Watney reminded me of “If the Sun Dies” (Se il Suole muore) a book about the early American Space program by the Italian journalist, author and political interviewer Oriana Fallaci. If you can find it, read it. If you can't find it, at least read the quote here from “If the Sun Dies" —it’s amazing!

And isn’t it a case of very good writing when you pretty much know the outcome and, yet, you’re still on the edge of your seat reading the story? I think that it is.

I gave “The Martian” five stars wholeheartedly.

Sunday, January 11, 2015

Taking Turns

This pair of cardinals has been gracing my backyard for many years and I was very worried about them during the brutal cold we had a few days ago, minus 18 F or minus 36 F with the windchill...

But here they are, on this balmy day of 12 F... Big sigh of relief...

They're always taking turns. He eats, she watches. She eats, he watches. Could be also because there's not enough space for them to eat at the same time... Welcome back!

He eats...

She watches...
He watches...
She eats...

Monday, January 05, 2015

Well, Hello 2015

I'm sorry to say that 2014 hasn't been a good year for me. I didn't write about this on the blog -although I did write a post or two that I chose not to publish- because I simply didn't want to think about it, couldn't think about it. Someone extremely dear to me lost her battle with cancer in June, and bad things happened to other people about whom I care a lot.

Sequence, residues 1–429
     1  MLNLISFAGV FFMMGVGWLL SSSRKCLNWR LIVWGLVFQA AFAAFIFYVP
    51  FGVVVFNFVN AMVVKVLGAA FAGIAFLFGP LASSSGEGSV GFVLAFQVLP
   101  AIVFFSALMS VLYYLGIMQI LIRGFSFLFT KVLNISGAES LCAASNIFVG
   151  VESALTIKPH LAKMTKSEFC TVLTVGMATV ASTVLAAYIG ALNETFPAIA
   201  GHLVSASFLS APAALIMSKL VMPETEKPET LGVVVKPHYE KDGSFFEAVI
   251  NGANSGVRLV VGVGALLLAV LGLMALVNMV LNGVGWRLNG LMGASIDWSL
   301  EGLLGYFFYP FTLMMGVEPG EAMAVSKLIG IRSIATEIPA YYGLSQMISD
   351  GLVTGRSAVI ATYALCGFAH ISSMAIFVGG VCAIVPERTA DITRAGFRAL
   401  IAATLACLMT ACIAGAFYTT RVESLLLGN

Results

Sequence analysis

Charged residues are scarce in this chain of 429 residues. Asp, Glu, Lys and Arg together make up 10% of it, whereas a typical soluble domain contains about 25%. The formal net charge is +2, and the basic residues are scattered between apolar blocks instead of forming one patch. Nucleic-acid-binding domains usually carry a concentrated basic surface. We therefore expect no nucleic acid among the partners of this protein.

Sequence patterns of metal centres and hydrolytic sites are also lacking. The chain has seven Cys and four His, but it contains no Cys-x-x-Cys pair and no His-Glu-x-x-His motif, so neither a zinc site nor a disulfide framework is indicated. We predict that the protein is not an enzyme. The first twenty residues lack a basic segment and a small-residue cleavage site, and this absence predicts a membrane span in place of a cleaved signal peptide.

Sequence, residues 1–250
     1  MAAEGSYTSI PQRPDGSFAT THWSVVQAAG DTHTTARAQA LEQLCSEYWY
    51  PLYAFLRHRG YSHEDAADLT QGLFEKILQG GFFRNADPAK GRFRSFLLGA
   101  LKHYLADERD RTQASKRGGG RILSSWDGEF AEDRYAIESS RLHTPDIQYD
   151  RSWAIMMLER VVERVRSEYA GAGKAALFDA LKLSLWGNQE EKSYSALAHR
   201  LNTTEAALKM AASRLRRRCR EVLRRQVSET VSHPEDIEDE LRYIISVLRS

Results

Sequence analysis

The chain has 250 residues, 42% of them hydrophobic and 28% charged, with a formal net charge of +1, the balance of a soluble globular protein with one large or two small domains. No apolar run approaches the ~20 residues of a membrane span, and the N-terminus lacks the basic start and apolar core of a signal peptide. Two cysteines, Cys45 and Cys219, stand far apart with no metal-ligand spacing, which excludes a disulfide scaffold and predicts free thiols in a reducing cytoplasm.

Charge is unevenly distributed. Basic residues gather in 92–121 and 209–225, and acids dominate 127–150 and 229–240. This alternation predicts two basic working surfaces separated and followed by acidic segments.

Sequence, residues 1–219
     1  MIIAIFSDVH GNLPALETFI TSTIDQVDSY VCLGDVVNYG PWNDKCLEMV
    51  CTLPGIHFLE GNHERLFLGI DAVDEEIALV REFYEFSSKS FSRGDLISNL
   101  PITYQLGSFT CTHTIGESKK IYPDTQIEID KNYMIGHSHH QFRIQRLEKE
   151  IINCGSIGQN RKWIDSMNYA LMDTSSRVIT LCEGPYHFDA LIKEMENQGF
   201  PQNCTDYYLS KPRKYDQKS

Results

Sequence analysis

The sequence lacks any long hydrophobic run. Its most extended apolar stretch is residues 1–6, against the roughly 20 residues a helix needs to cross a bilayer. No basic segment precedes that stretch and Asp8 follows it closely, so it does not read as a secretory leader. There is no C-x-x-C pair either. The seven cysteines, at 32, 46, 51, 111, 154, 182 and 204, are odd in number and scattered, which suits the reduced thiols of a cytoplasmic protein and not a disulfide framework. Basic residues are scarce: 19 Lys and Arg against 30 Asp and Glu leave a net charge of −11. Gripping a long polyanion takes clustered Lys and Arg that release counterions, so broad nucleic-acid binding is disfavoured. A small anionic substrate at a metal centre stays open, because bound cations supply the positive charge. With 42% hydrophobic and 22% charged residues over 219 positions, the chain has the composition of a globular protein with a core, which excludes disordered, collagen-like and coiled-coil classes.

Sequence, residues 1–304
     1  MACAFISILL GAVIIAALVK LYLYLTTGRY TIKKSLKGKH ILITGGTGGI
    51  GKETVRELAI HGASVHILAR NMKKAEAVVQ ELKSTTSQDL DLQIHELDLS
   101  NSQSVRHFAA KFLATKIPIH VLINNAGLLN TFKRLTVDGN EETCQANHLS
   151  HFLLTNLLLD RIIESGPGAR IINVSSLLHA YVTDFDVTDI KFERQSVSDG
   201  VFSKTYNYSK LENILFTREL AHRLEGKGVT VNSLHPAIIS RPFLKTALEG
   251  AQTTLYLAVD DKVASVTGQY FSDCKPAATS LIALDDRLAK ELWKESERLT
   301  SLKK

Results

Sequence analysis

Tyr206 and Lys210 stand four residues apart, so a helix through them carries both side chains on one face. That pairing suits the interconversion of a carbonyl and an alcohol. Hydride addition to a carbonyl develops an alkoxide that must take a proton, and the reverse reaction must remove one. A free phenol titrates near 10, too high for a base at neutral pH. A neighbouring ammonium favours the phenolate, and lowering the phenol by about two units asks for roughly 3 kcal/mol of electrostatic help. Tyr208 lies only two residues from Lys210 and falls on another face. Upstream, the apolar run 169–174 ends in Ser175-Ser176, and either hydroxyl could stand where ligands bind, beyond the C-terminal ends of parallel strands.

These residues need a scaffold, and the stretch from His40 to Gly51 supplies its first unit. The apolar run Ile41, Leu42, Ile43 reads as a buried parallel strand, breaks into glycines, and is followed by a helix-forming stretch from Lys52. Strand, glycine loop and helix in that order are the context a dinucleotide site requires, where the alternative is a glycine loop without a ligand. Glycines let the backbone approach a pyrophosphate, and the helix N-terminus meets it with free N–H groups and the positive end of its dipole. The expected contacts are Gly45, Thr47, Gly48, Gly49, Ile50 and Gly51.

There is one thing that "saved" me, in a way, and that was working on my novel, my short stories, and preparing the collection of short stories for publication. You know, something like in Simon and Garfunkel's "I am a rock:"

I am a rock,
I am an island.

I have my books
And my poetry to protect me;

Holding that real book in my hands was certainly the high moment of the year.

So, what can I say about 2015? I certainly wish it's a very happy one for all of you, for everybody. Probably for the first time in many years, I didn't feel the moment between the 31st of december and the 1st of January as a threshold. 2015 doesn't feel like a new beginning, or a new hope. It's more like this:

I had no idea that this was a motivational poster produced by the British government in 1939 in preparation for the WWII. Well, I can certainly use it this year... and perhaps I won't be just drifting away... like in this song that I love and that sometimes doesn't let me sleep at night with its obsessive refrain....

So, allow me to wish you all the best: good health, love, good books, and good music.... and if you haven't bought it yet, perhaps you might consider buying my book this year...

...from or Amazon. ca. Thank you! :-) :-) :-)